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    Presidential Pay and the GDP

    Mar 17 • Government, Households, Macroeconomic Measurement, Thinking Economically • 303 Views

     The Economist decided it would be interesting to know how a political leader’s pay compares to what a typical citizen from that country earns. Here are some of the numbers with salary first and then the multiple of per capita GDP next. I’ve approximated because the numbers are from a bar graph:

    Kenya: $486,000 (proposed), 240x

    Singapore: $2,183,516, 42x

    Indonesia: $124,171, 28x

    U.S. $400,000, 8x

    Israel $120,814, 4x

    China: $10,633, 2x

    You might want to look at this per capita GDP list to see worldwide poverty and affluence firsthand. Qatar is #1 ($145,300) while Burundi and Democratic Republic of Congo are last at #’s 228 and 229 ($300). The dollars are 2010 estimates.

    As a second step, you might check income distribution. In a list of 136 countries, Sweden is ranked as having the most income equality. Sweden ($39,000) is #23 on the per capita GDP list.

    The Economic Lesson

    GDP indicates the total value of goods and services produced in one nation during one year. Per capita GDP is GDP divided by population. Because these GDP figures are averages, it is helpful also to look at data that relates to inequality.

     

     

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    Selling Karma (With a Solar Roof)

    Mar 16 • Environment, Government, Innovation • 268 Views

    The Fisker Karma car has 2 electric motors, 1 Lithium-ion battery, and 1 internal combustion engine. Depending on the model, you can have a solar panel roof, do 0-60 mph in less than 6 seconds and reach a top speed beyond 125 mph.

    How?

    “…a small gasoline engine … turns the generator, which charges the lithium ion battery pack, powering the electric motor and turning the rear wheels.” The solar roof will help charge the car. 

    Soon, you can buy the Ecochic, Ecosport, or Ecostandard model. Here is the brochure.  Prices start at $95,900. Estimated annual cost saving (on gas) is $1500.00. The car looks amazing.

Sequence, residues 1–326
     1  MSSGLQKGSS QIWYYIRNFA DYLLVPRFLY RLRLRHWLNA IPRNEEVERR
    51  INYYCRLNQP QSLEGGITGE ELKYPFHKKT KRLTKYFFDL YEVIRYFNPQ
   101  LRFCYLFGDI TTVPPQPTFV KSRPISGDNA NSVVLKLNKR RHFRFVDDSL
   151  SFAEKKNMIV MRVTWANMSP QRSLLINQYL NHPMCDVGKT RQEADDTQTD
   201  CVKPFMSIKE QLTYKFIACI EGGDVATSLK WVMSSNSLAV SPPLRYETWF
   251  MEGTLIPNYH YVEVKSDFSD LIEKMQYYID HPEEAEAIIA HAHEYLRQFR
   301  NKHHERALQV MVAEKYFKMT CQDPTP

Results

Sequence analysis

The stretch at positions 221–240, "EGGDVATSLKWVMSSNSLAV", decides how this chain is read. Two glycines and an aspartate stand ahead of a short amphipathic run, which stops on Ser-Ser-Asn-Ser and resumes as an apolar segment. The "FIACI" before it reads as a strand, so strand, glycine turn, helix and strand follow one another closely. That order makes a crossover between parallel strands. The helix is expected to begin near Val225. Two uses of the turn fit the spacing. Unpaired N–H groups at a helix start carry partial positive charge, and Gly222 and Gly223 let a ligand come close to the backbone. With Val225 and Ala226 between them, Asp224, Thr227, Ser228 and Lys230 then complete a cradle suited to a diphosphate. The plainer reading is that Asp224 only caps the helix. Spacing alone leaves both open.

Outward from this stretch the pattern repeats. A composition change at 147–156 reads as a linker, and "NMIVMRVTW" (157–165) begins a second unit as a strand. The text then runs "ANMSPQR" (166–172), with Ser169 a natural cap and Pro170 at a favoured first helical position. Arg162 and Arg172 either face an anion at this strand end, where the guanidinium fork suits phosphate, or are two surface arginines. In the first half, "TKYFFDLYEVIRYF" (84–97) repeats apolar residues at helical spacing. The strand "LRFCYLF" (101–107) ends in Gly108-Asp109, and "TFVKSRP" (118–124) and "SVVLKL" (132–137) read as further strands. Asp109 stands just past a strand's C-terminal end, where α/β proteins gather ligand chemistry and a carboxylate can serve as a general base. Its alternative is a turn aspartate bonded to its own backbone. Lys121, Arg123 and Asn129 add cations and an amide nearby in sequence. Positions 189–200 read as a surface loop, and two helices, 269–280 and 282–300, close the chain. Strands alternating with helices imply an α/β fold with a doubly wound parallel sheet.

In 2009, Fisker Automotive received a half-billion dollar loan from the U.S. Department of Energy to develop an affordable hybrid plug-in. The goal was a car that would sell for less than $40,000 that, Fisker says, will be available during 2012 or 2013.

    The Karma is the first step. 

    The Economic Lesson

    So, again we have the question. Through loans and outright spending, what should the federal government fund? Should Fisker Automotive have received a federal loan?

    This returns us to opportunity cost and how the money otherwise might have been spent or not spent. The most desirable alternative that was not selected is the opportunity cost of a decision. Choosing is refusing.

    We also should think about what you believe the federal government should and should not do. Should the federal government only fund necessities that the private sector would not support such as a transportation network? Or, should government pay for goods and services that a society wants? 

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    Now It’s Chocolate

    Mar 15 • Demand, Supply, and Markets, Developing Economies, International Trade and Finance • 336 Views

    According to one recent news article, a Cadbury chocolate bar is missing 2 chunks but the price is the same.

    First we had a hedge fund trying to corner the cocoa bean market. Then came political turmoil in the world’s leading cocoa producer, the Ivory Coast. The result was the price of cocoa beans touching a 32-year high. Combine that with the rising price of sugar and you get either a smaller chocolate bar or one that is more expensive.